The U.S. Army has published a new roadmap for the OMFV programme which, following intensive discussion with industry, provides for the start of series production in 2027 and Initial Operational Capability from 2028. This comes after the first tender for the high-priority programme to replace the Bradley Infantry Fighting Vehicle (IFV) saw only one bid received by the end of 2019, and this was technically inadequate, so the process was halted in January 2020. The starting point for the realisation plan is the re-prioritisation of the vehicle’s characteristic features with the survivability of the crew and the system at the forefront, superseding demands for mobility, efficiency, weight and (air) transportability.
A different approach
The entire development and procurement process relies heavily on dialogue with industry and the discussion that has been initiated is primarily aimed at a market overview of available technologies. It is expected to lead to a call for tenders in April 2021 with digital designs of combat vehicles being sought, five of which will be selected for virtual testing, with the simulations intended to show the operational added value that the new vehicles can develop both in the environment of New Generation Combat Vehicles (NGCV) and in interaction with existing equipment. Following the evaluation of the virtual vehicles, a maximum of three suppliers will be invited in April 2023 to refine their designs, taking the simulation results into account and building functional prototypes by July 2025. The U.S. Army has scheduled a period of more than one year for extensive testing of the demonstrators before it selects a manufacturer in January 2027 so, with a contract for Low-Rate Initial Production, series production can start the same year. The operational readiness of the first combat battalion with OMFV is expected by the end of 2028 and the contract for Full Rate series production, worth around €41bn, could be awarded by the end of 2029.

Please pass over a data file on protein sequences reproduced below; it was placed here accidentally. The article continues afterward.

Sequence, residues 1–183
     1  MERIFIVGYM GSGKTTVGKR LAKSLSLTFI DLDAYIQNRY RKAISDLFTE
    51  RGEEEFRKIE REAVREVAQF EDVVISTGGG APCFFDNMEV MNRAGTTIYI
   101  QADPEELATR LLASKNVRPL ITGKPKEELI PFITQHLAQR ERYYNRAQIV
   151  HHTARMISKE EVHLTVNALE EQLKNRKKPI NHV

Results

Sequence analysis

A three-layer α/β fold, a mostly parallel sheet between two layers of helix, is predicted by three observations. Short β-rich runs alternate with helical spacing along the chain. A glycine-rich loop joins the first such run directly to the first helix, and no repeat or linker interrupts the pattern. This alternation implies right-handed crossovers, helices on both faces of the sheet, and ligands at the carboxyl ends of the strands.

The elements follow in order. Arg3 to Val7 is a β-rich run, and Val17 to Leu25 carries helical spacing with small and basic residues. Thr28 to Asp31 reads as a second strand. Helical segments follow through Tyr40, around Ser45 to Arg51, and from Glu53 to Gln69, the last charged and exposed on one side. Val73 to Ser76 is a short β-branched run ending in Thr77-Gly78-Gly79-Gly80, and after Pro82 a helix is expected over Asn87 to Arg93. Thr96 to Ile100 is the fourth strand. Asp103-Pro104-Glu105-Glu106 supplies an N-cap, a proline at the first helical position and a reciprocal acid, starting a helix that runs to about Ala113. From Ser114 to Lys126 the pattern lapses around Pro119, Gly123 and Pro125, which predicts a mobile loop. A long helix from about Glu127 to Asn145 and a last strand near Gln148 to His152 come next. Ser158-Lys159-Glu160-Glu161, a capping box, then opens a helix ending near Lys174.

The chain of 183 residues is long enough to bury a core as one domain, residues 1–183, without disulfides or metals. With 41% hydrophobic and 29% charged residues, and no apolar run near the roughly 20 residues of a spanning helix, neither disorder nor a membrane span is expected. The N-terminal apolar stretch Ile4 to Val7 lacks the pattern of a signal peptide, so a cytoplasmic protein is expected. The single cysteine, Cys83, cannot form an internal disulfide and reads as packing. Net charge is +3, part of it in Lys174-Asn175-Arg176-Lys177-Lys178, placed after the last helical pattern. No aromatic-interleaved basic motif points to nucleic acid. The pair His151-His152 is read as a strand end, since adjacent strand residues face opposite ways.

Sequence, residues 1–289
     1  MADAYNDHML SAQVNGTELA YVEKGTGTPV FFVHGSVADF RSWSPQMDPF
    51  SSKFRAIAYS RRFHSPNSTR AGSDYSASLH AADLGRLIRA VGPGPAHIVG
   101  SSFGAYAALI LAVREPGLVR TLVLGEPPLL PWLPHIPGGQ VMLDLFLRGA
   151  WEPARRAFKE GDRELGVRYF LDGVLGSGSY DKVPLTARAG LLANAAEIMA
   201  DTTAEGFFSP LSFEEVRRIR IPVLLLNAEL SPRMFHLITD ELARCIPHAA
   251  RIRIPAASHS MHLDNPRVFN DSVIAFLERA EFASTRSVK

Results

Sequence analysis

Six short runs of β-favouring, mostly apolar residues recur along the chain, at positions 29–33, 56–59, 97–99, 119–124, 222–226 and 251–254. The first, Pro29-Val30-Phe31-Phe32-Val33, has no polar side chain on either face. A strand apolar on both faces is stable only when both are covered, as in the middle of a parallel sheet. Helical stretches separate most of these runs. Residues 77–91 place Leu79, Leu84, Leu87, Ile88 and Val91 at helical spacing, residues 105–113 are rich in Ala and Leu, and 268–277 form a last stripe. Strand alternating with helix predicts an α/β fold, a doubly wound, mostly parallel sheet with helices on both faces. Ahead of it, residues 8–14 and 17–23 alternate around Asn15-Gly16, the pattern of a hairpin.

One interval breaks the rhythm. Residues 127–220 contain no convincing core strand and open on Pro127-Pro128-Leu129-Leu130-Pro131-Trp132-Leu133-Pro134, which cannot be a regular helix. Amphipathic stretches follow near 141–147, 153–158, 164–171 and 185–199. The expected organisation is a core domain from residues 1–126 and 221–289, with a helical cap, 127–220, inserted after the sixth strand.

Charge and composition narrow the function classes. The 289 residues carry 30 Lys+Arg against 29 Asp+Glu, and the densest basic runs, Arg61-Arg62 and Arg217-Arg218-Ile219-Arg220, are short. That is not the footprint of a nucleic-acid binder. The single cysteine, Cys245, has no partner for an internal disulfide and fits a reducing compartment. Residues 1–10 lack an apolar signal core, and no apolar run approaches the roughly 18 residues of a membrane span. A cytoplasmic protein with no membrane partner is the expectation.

The requirement and contenders
The number of Bradley IFVs to be replaced exceeds 4,700 and the U.S. Army’s new approach is at least two years behind the original requirement so the involvement of the Army Futures Command, which was founded specifically for this purpose, should speed up the process. During the first approach in 2019, BAE Systems initially expressed interest with the CV 90 Mk IV but did not submit a bid, the Raytheon/Rheinmetall consortium’s offer of the K41 Lynx was not accepted for formal reasons and General Dynamics’ bid with the Griffin was rejected due to technical defects.
The full order of the priorities for the OMFV characteristics is as follows:
Joint Power for Europe’s Next-Generation FighterNew challenges call for new responses. When it comes to the protection of the German and European airspace, a system made up of manned and unmanned flight vehicles – dubbed the Future Combat Air System (FCAS) – is the solution. And the Next-Generation Fighter (NGF) will be an essential part of this. The NGF is expected to enter service by 2040 – powered by an engine that goes far beyond today’s capabilities.
Re-establishing Greece as the hub for inter-state contacts and defence industrial co-operation in Eastern MediterraneanPresenting land, naval, aerospace, national and cyber security defence systems, DEFEA Exhibition will welcome in Athens the world’s top defence manufacturers as well as high level governmental and military delegations, invited by the Ministry of National Defence, under the auspices of which, this important event will take place.